Wabi-sabi represents a comprehensive Japanese world view or aesthetic centered on the acceptance of transience and imperfection. The aesthetic is sometimes described as one of beauty that is “imperfect, impermanent, and incomplete”. It is a concept derived from the Buddhist teaching of the three marks of existence, specifically impermanence, the other two being suffering and emptiness or absence of self-nature. Characteristics of the wabi-sabi aesthetic include asymmetry, asperity (roughness or irregularity), simplicity, economy, austerity, modesty, intimacy and appreciation of the ingenuous integrity of natural objects and processes.
Wabi-sabi is the most conspicuous and characteristic feature of traditional Japanese beauty and it occupies roughly the same position in the Japanese pantheon of aesthetic values as do the Greek ideals of beauty and perfection in the West. “If an object or expression can bring about, within us, a sense of serene melancholy and a spiritual longing, then that object could be said to be wabi-sabi.” “Wabi-sabi nurtures all that is authentic by acknowledging three simple realities: nothing lasts, nothing is finished, and nothing is perfect.”
The words wabi and sabi do not translate easily. Wabi originally referred to the loneliness of living in nature, remote from society; sabi meant “chill”, “lean” or “withered”. Around the 14th century these meanings began to change, taking on more positive connotations. Wabi now connotes rustic simplicity, freshness or quietness, and can be applied to both natural and human-made objects, or understated elegance. It can also refer to quirks and anomalies arising from the process of construction, which add uniqueness and elegance to the object. Sabi is beauty or serenity that comes with age, when the life of the object and its impermanence are evidenced in its patina and wear, or in any visible repairs.
After centuries of incorporating artistic and Buddhist influences from China, wabi-sabi eventually evolved into a distinctly Japanese ideal. Over time, the meanings of wabi and sabi shifted to become more lighthearted and hopeful. Around 700 years ago, particularly among the Japanese nobility, understanding emptiness and imperfection was honored as tantamount to the first step to satori, or enlightenment. In today’s Japan, the meaning of wabi-sabi is often condensed to “wisdom in natural simplicity.” In art books, it is typically defined as “flawed beauty.”
Wabi and sabi both suggest sentiments of desolation and solitude. In the Mahayana Buddhist view of the universe, these may be viewed as positive characteristics, representing liberation from a material world and transcendence to a simpler life. Mahayana philosophy itself, however, warns that genuine understanding cannot be achieved through words or language, so accepting wabi-sabi on nonverbal terms may be the most appropriate approach. Author Simon Brown notes that wabi-sabi describes a means whereby students can learn to live life through the senses and better engage in life as it happens, rather than be caught up in unnecessary thoughts. In this sense wabi-sabi is the material representation of Zen Buddhism. The idea is that being surrounded by natural, changing, unique objects helps us connect to our real world and escape potentially stressful distractions.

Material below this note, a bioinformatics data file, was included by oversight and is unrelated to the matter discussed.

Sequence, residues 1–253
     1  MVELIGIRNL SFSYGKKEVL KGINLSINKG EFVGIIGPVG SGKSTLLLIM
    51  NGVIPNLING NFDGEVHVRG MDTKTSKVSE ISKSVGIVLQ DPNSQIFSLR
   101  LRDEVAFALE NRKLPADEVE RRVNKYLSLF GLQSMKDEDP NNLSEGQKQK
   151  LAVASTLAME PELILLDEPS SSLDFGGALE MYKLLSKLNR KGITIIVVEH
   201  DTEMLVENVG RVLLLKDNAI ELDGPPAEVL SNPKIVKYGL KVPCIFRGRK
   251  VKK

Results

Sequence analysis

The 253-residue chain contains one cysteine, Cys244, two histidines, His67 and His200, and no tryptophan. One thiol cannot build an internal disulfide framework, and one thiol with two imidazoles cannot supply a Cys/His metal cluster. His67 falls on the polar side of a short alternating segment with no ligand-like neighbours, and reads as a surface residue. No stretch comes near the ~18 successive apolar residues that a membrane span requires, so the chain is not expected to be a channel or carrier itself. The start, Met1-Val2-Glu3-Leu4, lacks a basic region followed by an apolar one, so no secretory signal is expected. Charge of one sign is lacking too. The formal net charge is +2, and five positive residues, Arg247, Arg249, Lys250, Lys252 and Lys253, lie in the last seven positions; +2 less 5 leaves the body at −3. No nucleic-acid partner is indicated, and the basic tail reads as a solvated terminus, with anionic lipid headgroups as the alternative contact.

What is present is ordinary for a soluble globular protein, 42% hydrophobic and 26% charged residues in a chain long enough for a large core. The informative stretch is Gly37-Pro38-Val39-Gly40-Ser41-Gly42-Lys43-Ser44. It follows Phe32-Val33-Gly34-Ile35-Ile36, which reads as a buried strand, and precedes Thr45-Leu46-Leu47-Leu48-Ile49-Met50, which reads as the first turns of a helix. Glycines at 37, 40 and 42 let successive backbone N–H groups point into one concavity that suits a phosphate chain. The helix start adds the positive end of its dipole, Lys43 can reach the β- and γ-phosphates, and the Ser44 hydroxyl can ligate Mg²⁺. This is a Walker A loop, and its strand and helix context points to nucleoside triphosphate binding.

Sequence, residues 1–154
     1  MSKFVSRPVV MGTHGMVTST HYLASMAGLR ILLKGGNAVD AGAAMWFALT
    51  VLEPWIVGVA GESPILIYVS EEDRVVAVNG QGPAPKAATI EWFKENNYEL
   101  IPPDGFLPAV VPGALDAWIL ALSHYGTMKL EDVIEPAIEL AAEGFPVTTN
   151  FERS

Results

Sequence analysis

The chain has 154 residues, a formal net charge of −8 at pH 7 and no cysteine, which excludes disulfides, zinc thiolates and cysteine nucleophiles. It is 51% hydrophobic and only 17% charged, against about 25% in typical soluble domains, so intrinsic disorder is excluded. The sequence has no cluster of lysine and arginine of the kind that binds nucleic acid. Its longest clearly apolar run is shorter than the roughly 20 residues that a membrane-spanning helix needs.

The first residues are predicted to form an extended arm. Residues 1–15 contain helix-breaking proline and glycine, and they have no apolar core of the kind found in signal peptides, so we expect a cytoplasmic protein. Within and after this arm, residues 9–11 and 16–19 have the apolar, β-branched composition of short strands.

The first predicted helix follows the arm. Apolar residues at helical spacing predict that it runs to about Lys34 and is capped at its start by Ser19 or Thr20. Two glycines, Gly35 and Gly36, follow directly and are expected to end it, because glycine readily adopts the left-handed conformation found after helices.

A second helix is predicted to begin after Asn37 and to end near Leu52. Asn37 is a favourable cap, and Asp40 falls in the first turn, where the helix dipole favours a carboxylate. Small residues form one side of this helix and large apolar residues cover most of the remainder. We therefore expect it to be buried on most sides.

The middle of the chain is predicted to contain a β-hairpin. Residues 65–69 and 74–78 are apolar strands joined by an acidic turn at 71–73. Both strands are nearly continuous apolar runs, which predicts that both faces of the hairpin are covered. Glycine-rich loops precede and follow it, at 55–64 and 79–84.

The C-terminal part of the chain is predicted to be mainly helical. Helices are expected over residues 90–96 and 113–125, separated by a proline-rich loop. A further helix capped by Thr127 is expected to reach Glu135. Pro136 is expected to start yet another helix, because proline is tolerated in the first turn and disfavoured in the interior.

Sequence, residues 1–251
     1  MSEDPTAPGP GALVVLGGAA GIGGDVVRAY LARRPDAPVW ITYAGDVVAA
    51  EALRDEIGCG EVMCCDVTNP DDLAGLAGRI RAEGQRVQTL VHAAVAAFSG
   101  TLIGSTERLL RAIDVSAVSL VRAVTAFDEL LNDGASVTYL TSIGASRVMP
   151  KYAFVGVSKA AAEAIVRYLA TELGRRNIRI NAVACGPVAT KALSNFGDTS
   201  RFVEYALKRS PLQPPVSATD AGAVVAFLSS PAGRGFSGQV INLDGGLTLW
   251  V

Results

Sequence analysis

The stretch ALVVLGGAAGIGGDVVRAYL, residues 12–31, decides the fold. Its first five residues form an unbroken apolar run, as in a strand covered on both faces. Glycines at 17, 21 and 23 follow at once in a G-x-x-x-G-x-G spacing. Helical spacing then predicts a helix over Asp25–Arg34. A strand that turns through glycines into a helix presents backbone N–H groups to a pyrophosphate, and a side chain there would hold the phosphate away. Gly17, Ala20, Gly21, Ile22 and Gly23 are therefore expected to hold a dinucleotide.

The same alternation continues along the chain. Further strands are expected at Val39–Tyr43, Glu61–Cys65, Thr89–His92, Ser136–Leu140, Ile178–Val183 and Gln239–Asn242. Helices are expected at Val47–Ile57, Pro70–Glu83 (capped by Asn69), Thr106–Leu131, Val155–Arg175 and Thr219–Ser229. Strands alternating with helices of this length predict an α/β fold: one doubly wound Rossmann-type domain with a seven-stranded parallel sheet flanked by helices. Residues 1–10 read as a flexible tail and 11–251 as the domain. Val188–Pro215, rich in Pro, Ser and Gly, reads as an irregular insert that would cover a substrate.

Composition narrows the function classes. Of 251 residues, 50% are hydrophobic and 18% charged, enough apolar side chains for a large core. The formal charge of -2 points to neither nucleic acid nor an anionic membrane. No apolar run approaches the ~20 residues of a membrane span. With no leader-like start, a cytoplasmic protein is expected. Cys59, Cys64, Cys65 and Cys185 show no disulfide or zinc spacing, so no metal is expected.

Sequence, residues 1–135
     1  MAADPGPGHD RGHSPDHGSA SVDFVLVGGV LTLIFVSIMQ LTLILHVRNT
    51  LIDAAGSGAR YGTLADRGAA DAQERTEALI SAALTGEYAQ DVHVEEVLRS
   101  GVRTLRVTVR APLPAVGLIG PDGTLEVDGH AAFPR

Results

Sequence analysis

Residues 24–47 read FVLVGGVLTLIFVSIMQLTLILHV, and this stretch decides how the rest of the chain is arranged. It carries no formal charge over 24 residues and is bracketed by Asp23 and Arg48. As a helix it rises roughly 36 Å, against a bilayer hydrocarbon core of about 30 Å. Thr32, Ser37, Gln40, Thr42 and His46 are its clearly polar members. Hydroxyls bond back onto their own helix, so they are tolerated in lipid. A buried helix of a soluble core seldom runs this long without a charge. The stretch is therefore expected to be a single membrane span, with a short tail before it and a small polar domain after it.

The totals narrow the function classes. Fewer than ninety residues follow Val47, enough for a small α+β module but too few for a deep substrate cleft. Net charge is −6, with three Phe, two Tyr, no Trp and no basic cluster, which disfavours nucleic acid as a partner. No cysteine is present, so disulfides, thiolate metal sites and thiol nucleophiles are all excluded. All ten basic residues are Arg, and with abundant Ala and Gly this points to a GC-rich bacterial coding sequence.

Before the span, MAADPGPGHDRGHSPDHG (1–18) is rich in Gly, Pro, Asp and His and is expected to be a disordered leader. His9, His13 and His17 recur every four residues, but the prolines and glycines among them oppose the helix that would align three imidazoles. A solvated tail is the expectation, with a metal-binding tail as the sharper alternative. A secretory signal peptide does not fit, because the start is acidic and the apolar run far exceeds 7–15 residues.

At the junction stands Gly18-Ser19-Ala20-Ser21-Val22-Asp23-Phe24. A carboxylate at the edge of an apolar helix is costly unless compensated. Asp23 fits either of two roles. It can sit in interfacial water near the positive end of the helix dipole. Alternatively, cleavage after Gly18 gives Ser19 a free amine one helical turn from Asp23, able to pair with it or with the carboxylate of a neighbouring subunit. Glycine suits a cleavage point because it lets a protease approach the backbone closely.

In one sense wabi-sabi is a training whereby the student of wabi-sabi learns to find the most basic, natural objects interesting, fascinating and beautiful. Fading autumn leaves would be an example. Wabi-sabi can change our perception of the world to the extent that a chip or crack in a vase makes it more interesting and gives the object greater meditative value. Similarly materials that age such as bare wood, paper and fabric become more interesting as they exhibit changes that can be observed over time. The wabi and sabi concepts are religious in origin, but actual usage of the words in Japanese is often quite casual. The syncretic nature of Japanese belief systems should be noted.
Some haiku in English adapt the wabi-sabi aesthetic, with spare, minimalist poems that evoke loneliness and transience such as Nick Virgilio’s haiku:
the wreath on the door
lifts in the wind.”
This brings us to how we, as Haikaishi (writers of haiku), can enhance our poetic aesthetics, especially those of us who seek to write ‘pure haiku’. Matsuo Bashō once said that “Sabi (and, by extension, wabi-sabi) is the color of the poem. It does not necessarily refer to the poem that describes a lonely scene. If a man goes to war wearing stout armor or to a party dressed up in festive clothes, and this man happens to be an old man, there is something lonely about him. Sabi is something like that.” Bashō also goes on to say “If you describe a green willow in the spring rain, it will be excellent as a renga verse. Haikai (Haiku, for our purposes), however, needs more homely images, such as a crow picking mud snails in a rice paddy.” “Poetry is a fireplace in summer or a fan in winter.” “Eat vegetable soup rather than duck stew.”
I believe this has been quite a bit of food for thought. Think of wabi-sabi as the broth for a haiku stew before you add your own ingredients. Thank you for reading. I hope this was helpful for both your writing purposes and personal knowledge of Japanese culture.